Newport The Week | August 13, 2020 By James Merolla
The first in a series of one-hour virtual forums went off without a hitch on Aug. 6 for six local state general assembly candidates facing a primary election on Sept. 8.
The forum was a collaboration among The Alliance for a Livable Newport, East Bay TV, the Greater Newport Chamber of Commerce, the League of Women Voters Newport County, Newport Buzz, Newport This Week and WADK radio.
Watch the video here:
The candidates are incumbent Deborah Ruggiero, (D-74 Jamestown, Middletown), and her challenger, Henry “Rick” Lombardi; incumbent Terri Cortvriend, (D-72 Portsmouth, Middletown), and her challenger, Christopher Semonelli; and Michelle McGaw and John Edwards V for the D-71 open seat (Portsmouth, Little Compton, Tiverton). All six are Democrats.
Lynne Tungett, NTW owner and editor, served as host. The moderator was Joseph Pratt, executive director and CEO of the Boys & Girls Clubs of Newport County and chair of the Chamber’s Government Affairs Committee (GAC).
Questions were prepared by the League of Women Voters and GAC.
All the candidates favor expanded access to early voting. Edwards said that after the pandemic the state should reexamine the voter ID registration requirements.
Environmentally, all the candidates support renewable energy from alternative sources, and said that the state needs to do more as beaches erode and sea levels rise. Edwards and Semonelli raised the issue of cleaning up the former Naval Lodge site along Burma Road.
All support Gov. Gina Raimondo having line item veto power. McGaw, Edwards and Cortvriend said marijuana should be legalized, while on another yes/no question, Lombardi, Ruggiero, Cortvriend and Edwards said the state should eliminate the automobile tax.
Semonelli, Cortvriend, Edwards and McGaw said they would support legislation making “cocktails to go” a permanent law. Semonelli was the only candidate favoring the regionalization of school districts.
Cortvriend said she came into office in 2019 seeking more government transparency. “My priority has been being accessible to my constituents. It’s very important to be a liaison,” she said.
Semonelli said he will be fighting for funding for those “in need” and “educational excellence.
“I follow fiscal responsibility. I will not support cuts in education,” he said.
Lombardi said the state needs to find ways to create affordable housing for seniors and young families. “It is imperative to get new small businesses established in our state,” he said, while establishing “sustainable” funding for education.
Ruggiero said that COVID-19 has turned lives “upside down.
“Know [that] when the virus hits again, I will be there for everyone,” she said. “Experience matters.”
She said she has focused on the four “E’s” over past 10 years: economy, elderly, environment and education.
Edwards, detailing his business experience, said his top priority is the state’s nearly $1 billion deficit. He said he wants to “protect your hard-earned money [so] that we don’t spend what we don’t have.”
McGaw, a 30-year Portsmouth resident and pharmacist, with an expertise in healthcare, said she wants to help local families. “Our district needs a representative who really works for the people of our district,” she said.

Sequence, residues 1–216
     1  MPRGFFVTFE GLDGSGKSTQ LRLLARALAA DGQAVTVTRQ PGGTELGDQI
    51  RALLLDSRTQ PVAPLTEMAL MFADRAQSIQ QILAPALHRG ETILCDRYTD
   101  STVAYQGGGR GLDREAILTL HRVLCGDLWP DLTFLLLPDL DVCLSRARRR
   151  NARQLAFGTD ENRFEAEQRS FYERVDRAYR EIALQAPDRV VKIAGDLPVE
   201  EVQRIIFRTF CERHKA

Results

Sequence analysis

Pratt’s first question was about deep budget cuts and additional tax revenue streams. Both Semonelli and Cortvriend said they would not touch programs that help the elderly and others in need.
Lombardi said, “[a] $200 million [state] deficit before COVID … someone has to explain why that continues to happen, year after year.”
He wondered how the state moves money from successful budget agencies. “DCYF in the red? We’ve got children dying in the care of DCYF,” he said.
“From a fiscal standpoint, I believe the state needs to be really strategic,” said Ruggiero. “COVID has shown us we have to invest in the internet, because we have to work remotely, distance learn and telehealth.”
Edwards said the state needs to concentrate on the successful financial things it has done and revisit them. He mentioned many organizations and businesses that have brought revenue to the state.
McGaw said there are certain things that cannot be cut. “People who need assistance with food … people who need assistance with housing.”
We must create a “more equitable tax structure,” she said.
Citing the tremendous loss to the local hospitality industry, an estimated 45 to 50 percent that will not come back, the candidates were asked what kind of renewal or resiliency plan they would implement.
Cortvriend said a key will be “to diversify and expand” the kinds of businesses that come to Aquidneck Island. Lombardi agreed, lamenting the closure of the Newport Visitor Center. Ruggiero, citing the $6.5 billion brought in annually to the state through tourism, including $900,000 to Aquidneck Island, wants the state to further promote tourism.
Semonelli, citing how small businesses are not happy with the speed with which the economy reopened, said, “We need to listen to them more to meet their needs.”
Five of the six candidates said they would not support expanding paid leave for companies with fewer than 17 employees or state and municipal employees. Only McGaw, citing restaurants who were hardest hit in the pandemic, said she would support it.
Susan Wells of the League of Women Voters, one of the forum sponsors, said the forum offered “a good civil exchange of views on a variety of important issues,” and provided “a valuable source of information for voters.”
There will be upcoming forums with the candidates for the Newport At Large and Ward 3 City Council seats on Aug. 19 and Aug. 20, respectively. The forums will be available for viewing on Aug. 21.